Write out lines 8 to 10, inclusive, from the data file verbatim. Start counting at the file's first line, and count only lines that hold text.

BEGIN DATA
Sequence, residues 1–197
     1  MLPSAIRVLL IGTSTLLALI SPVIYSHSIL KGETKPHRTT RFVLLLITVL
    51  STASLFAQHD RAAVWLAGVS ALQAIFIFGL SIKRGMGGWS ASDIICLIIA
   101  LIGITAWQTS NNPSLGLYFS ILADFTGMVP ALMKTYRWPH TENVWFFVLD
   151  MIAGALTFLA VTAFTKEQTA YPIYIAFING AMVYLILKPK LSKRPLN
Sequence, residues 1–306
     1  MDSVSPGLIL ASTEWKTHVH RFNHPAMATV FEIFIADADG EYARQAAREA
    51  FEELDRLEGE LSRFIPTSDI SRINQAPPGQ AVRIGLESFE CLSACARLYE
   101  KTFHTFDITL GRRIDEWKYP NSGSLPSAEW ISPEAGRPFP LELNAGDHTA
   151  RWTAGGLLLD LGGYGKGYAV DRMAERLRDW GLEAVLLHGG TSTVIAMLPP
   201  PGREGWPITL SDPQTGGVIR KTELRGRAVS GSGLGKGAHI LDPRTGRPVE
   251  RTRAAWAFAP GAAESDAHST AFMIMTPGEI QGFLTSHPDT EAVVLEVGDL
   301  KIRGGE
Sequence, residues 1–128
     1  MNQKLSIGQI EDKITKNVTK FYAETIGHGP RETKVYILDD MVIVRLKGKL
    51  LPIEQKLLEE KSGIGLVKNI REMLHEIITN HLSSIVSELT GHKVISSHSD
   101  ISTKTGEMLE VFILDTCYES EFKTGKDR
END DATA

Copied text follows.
    51  FEELDRLEGE LSRFIPTSDI SRINQAPPGQ AVRIGLESFE CLSACARLYE
   101  KTFHTFDITL GRRIDEWKYP NSGSLPSAEW ISPEAGRPFP LELNAGDHTA
   151  RWTAGGLLLD LGGYGKGYAV DRMAERLRDW GLEAVLLHGG TSTVIAMLPP